The Joystiq Indie Pitch: To-Fu: The Trials of Chi

Indie developers are the starving artists of the video-game world, often brilliant and innovative, but also misunderstood, underfunded and more prone to writing free-form poetry on their LiveJournals. We at Joystiq believe no one deserves to starve, and many indie developers are entitled to a fridge full of tasty, fulfilling media coverage, right here. This week, we're talking To-Fu with Terry Haynes of HotGen.

What's your game called, and what's it about?

Our game is titled To-Fu: The Trials of Chi and it's an action-platfomer for the iPhone and iPad. To-Fu, a block of To-Fu wearing with a red head band, is the game's protagonist and is controlled using a very simple 'drag-and-ping' mechanic. The player taps and holds their finger on To-Fu, stretches him to adjust their aim and then releases their finger to make him ping. It's not unlike a rubber-band. The other unique aspect is the fact that To-Fu is able to stick to the majority of surfaces, so this forms the basis of the game's navigation. The player pings To-Fu across each level -- using the different surfaces to their advantage while avoiding the various traps. The main objective is to reach the level's exit.

What kind of traps are there?

We've got various surface types for To-Fu to interact with. For example, we have a glass surface which he slides down as well as a metallic surface that causes him to rebound. The metal surface alone enables us to create some interesting level designs where the player has to ricochet To-Fu rather than stick him to the surface.

We also have a host of booby traps. Some of these include teleports, rotating platforms, lasers, circular saws, switches, spiked floors and crumbling blocks.

Where did the soy-based idea come from?

The game started life as an experiment here at HotGen Ltd. We wanted to see if it was possible to create a traditional platform game without the need for virtual controls. Although there are examples of games that work well with virtual buttons, we thought we could take the virtual- controls concept in a new direction.

At first, it seems unusual to have a platform game where the player is unable to manoeuvre their character left and right across the level, but once the "ping" mechanic was applied, it opened up new design possibilities and felt completely fresh.

What are you proudest of about To-Fu?

I hope that we've managed to create a game that has universal appeal. We get that there are so many different types of people playing games on iPhone and iPad so we wanted to create a game that was completely accessible, that had that "pick-up and play" appeal but pulled players looking for more in with tons of variety and increasingly challenging levels. We believe To-Fu: The Trials of Chi delivers on that. We also wanted our game to have personality. We took great care in making our hero To-Fu come to life through various facial expressions, animations and sounds as he stretches, pings, ricochets and is sometimes even electrocuted on his journey.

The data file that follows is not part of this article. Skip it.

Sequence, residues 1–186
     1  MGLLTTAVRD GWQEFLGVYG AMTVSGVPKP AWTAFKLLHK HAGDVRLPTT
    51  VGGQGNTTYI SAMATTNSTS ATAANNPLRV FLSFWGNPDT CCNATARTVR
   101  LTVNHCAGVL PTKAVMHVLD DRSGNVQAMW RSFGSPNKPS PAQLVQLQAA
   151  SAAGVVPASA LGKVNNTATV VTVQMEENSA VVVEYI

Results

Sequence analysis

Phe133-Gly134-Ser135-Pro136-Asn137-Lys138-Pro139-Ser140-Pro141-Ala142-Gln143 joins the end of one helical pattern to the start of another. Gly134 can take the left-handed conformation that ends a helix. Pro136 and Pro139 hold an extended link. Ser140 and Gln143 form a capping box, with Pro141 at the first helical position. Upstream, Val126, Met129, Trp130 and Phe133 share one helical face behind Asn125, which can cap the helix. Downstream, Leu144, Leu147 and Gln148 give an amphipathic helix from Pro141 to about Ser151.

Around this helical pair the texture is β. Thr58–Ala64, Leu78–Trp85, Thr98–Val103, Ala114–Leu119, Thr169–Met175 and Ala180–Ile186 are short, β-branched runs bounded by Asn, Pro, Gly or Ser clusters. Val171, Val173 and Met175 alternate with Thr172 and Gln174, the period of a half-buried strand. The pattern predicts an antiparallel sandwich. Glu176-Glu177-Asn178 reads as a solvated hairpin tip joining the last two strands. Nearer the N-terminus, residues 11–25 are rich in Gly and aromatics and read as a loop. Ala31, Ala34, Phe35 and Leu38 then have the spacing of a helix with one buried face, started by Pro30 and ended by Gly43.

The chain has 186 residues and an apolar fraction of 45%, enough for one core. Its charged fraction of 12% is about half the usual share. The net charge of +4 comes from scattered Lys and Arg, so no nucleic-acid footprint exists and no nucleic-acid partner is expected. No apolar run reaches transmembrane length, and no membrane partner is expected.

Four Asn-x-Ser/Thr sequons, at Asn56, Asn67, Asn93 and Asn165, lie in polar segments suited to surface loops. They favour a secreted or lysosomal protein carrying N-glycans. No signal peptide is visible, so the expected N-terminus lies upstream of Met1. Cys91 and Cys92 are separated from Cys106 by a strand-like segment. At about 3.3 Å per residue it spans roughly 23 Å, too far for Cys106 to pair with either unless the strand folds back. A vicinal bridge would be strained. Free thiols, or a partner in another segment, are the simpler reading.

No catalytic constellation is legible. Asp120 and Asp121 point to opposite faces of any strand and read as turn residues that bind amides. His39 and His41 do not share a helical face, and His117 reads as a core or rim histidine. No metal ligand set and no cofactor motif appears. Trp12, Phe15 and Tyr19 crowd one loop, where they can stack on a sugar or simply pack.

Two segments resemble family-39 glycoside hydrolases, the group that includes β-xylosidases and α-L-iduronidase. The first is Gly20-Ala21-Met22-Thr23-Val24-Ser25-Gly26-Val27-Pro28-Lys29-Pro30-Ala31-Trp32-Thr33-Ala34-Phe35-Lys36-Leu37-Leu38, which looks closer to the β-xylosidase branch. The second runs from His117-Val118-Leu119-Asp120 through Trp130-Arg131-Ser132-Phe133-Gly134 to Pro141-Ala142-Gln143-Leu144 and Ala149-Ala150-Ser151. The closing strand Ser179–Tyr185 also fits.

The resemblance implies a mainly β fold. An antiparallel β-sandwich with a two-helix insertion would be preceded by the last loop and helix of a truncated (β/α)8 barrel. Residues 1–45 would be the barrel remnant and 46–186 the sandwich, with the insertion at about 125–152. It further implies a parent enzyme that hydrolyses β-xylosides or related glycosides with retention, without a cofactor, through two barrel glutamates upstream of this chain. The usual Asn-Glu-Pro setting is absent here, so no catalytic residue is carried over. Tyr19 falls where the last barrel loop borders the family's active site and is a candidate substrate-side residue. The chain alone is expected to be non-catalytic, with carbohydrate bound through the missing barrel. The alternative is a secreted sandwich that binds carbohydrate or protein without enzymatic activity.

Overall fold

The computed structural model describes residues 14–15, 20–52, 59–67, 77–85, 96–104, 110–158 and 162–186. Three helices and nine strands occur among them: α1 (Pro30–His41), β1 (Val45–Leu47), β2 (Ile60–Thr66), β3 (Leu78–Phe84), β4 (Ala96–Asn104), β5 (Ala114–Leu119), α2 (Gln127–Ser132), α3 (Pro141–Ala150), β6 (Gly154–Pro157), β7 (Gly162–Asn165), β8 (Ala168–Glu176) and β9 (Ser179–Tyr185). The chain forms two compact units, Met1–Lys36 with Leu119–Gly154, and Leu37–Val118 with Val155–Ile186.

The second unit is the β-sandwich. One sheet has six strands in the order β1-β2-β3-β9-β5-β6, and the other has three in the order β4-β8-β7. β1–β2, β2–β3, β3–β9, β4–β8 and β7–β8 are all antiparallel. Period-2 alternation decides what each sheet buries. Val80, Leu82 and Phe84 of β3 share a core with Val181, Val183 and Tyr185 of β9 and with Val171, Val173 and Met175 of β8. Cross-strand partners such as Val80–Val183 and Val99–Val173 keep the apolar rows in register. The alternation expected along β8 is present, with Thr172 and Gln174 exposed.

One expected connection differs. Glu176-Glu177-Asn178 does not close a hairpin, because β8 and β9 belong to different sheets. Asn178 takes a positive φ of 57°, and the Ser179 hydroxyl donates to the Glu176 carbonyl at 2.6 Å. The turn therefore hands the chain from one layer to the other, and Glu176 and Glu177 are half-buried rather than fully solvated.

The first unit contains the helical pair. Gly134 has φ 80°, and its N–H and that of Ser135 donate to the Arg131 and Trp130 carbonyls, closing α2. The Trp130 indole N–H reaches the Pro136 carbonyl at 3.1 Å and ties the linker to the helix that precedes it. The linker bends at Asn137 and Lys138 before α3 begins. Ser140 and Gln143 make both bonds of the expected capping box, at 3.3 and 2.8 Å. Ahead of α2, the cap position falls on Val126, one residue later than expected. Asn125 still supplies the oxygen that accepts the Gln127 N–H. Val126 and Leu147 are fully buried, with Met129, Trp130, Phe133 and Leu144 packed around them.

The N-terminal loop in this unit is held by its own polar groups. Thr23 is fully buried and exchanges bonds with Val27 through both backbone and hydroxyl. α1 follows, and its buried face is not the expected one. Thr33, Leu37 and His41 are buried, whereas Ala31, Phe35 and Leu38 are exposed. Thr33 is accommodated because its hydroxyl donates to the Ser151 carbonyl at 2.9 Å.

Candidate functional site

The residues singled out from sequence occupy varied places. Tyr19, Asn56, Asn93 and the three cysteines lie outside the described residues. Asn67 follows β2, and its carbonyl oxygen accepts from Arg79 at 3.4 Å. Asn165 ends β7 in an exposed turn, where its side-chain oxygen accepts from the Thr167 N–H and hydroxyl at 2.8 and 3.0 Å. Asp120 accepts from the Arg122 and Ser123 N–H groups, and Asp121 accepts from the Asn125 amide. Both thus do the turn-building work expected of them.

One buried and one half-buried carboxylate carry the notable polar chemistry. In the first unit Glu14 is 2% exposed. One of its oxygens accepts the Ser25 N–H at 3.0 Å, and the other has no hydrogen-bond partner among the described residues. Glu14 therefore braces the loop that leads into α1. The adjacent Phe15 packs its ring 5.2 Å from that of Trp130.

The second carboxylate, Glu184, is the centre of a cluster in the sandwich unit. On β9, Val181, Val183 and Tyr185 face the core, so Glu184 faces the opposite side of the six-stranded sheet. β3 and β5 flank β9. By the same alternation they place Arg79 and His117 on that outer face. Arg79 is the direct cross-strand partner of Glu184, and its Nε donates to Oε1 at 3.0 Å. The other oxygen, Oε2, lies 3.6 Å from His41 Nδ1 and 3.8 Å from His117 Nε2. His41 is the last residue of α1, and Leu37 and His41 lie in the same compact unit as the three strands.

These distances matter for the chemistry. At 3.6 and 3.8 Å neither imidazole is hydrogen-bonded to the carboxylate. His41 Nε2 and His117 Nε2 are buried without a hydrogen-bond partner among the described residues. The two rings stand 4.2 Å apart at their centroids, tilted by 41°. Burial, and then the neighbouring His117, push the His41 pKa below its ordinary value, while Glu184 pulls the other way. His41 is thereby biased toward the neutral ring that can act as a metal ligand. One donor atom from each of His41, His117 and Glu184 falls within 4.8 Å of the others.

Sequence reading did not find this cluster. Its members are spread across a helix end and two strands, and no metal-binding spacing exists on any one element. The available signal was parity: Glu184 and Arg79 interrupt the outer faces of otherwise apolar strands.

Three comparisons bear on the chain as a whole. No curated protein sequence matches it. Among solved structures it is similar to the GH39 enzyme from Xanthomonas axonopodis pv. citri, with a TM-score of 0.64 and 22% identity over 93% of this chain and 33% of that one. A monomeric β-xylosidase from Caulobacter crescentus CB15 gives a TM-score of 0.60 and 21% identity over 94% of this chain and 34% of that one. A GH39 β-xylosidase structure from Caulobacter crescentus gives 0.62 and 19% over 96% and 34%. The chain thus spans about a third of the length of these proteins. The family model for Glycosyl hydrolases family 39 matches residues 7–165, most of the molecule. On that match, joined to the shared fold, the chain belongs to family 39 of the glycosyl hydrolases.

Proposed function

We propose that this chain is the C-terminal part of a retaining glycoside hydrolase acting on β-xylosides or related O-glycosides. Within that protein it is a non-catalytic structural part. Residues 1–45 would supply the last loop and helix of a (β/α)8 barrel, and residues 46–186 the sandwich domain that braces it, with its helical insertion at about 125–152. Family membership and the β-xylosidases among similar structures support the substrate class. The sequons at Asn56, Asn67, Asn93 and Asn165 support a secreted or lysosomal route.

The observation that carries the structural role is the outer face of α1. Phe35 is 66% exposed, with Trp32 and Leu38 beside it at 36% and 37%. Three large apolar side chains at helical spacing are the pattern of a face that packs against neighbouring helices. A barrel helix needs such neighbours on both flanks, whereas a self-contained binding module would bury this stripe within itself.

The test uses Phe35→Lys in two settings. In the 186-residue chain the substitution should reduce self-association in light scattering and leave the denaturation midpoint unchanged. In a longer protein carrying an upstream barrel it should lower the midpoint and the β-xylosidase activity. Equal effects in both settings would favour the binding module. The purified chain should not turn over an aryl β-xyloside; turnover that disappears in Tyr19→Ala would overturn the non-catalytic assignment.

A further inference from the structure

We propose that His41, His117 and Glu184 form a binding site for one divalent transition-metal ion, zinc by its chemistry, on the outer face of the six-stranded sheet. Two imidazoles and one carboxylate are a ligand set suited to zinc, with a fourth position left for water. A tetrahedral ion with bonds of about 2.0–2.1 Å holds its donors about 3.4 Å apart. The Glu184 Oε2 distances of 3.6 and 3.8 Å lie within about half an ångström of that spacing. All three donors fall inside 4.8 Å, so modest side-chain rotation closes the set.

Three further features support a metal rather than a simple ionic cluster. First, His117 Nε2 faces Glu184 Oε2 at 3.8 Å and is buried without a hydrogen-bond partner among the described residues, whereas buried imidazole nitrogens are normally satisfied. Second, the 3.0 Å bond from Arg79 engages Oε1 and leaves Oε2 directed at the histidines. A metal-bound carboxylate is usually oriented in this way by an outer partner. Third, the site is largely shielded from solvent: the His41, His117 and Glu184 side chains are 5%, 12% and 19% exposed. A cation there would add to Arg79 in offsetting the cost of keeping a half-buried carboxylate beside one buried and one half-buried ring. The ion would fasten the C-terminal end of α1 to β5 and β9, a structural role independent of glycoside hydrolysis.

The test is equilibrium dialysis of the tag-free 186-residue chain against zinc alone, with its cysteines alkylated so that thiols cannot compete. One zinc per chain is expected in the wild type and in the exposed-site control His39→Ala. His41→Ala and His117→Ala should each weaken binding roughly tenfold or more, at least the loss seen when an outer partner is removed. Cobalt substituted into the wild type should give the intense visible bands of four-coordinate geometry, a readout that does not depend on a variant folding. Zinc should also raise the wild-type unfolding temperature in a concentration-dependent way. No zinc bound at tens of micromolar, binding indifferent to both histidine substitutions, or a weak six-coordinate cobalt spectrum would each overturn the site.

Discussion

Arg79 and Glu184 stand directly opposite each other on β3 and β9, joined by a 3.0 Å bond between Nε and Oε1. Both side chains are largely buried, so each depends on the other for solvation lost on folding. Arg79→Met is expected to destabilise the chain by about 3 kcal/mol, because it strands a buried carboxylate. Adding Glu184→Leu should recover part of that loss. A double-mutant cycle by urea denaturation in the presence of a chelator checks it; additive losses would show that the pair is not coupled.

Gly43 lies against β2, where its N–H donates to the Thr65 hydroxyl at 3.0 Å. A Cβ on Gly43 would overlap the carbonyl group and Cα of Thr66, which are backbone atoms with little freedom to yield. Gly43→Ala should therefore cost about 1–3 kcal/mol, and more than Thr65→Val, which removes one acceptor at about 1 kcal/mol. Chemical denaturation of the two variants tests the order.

Does To-Fu cater to a specific type of gamer?

The game can be approached in different ways dependent on what type of gamer you are. We don't have difficulty modes or force players to play in a certain way; the choice is theirs and it's a lot more freeform.

Each level has the main objective of reaching the exit. This gets progressively harder across all 100 levels, and although there is a challenge involved, most players should be able to accomplish this. However, each level also has two optional sub-objectives. The first one is to collect all of the Chi pick-ups that are littered across the level, and secondly, we have a "Par" objective which tasks the player with
We don't have difficulty modes or force players to play in a certain way; the choice is theirs and it's a lot more freeform.
having to complete a level within the required number of pings and moves. Some of these are pretty tough and require the player to re-think their approach. These sub-objectives can be completed at any time, so the player is free to go back and achieve them at their leisure. If you're a completist then it's going to take quite a while to achieve all 300 emblems; it's no easy feat.

What's next?

For To-Fu: The Trials of Chi specifically, we've recently added "Game Center" support and released a Lite version of the game. The Lite version consists of 6 various levels that people can play for free to get a feel for the game before they download the full version. Being able to fairly easily expand the experience is part of the fun of developing for iPhone, iPod and iPad!

Overall, we realize the importance of supporting the game. Not only does it attract new fans but it also acts as a "thank you" for the people who are already supporting it.

Bigger picture, the team at HotGen has really enjoyed the process of developing for iOS. We have a new game called Spacelings scheduled to release next month and To-Fu 2 is already in development.

To-Fu: The Trials of Chi now has 140 levels -- check all of them out on iTunes and release your inner ping.

If you'd like to have your own shot at converting our readers into fans, email jess [at] joystiq [dawt] com, subject line "The Joystiq Indie Pitch." Still haven't had enough? Check out the Pitch archives.

This article was originally published on Joystiq.